"EXCUSE me - I'm from the press, and I was wondering if I could ask you...
what is that you're wearing? Who are you dressed up as?"
I can't remember how often I asked that question last Saturday. Each time, I felt impossibly square. If I'd done my homework I wouldn't have needed to ask. The cool response, the acceptable response, would have been to have copied everyone else's example, to nod in approval and say, "Hey - great costume!"
The occasion was the first-ever MCM Scotland Comic Con, at the SECC. Older people, if they think about comics at all, will probably think of the Dandy, the Beano, or perhaps the Marvel comics, but this convention was light years away from that, even if there were stalls where you could buy these old comics. Manga, anime, a Japanese trading-card game called Yu-Gi-Oh!, giant overhead adverts for about-to-be- released movies such as Ender's Way, actors from Primeval and Babylon 5 coining it in as they signed autographs for eager fans and posed for photographs with them ... if you were a newcomer to the scene, there was a lot to turn your head.
And then there were the costumes. A few - the characters from Kick-Ass, a Gandalf from Lord of the Rings, Austin Powers - were reasonably easy to identify. Others, decidedly, weren't.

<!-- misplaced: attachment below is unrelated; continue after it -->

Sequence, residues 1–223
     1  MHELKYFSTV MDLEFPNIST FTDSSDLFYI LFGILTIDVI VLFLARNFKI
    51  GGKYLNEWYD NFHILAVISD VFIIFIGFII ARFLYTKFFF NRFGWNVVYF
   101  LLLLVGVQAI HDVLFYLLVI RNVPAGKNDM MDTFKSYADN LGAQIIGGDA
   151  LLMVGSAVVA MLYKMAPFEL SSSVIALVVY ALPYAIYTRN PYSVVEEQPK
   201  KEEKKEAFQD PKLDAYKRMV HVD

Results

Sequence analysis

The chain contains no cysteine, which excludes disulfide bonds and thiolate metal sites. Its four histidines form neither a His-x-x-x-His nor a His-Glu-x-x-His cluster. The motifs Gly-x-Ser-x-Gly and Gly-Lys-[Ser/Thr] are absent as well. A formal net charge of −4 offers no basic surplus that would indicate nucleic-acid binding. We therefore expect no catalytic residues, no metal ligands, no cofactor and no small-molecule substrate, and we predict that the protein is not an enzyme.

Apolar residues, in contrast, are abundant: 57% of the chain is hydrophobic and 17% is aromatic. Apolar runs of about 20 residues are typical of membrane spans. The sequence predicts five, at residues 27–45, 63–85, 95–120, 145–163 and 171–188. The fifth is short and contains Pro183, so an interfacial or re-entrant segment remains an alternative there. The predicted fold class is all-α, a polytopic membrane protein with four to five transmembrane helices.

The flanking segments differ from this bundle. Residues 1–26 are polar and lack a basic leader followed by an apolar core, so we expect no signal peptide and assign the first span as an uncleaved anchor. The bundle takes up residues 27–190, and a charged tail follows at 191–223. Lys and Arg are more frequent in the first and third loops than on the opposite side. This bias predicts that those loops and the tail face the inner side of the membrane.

The convention's Facebook page afterwards offered some clues - fans saying they'd been dressed up as Poison Ivy, or Edward Elric, or Umbreon, or Black Widow, or Rei Ayanami ... One bloke wrote with pride: "I was dressed as Tobi, the one that was running around, trolling everyone, sliding, swagging, bombing and dancing."
I feel even more of a square to admit that not only have I never heard of these characters, I've never seen Star Wars.
No matter. Saturday was an education. The message is clear: what was once a cult interest has now become mainstream. There were around 10,000 people there on Saturday but the weekend-long London event attracts 80,000. Action-hero movies do big business at the box-office. Stores like Forbidden Planet pull the customers in, too.
I'd like to apologise for my ignorance to all those costumed fans I spoke to. Had any of them asked me who I'd come as - casual dress, earnest facial expression, press badge prominent, notebook and pen in hand - I'd just have shrugged and replied, "Clark Kent - off duty, of course."
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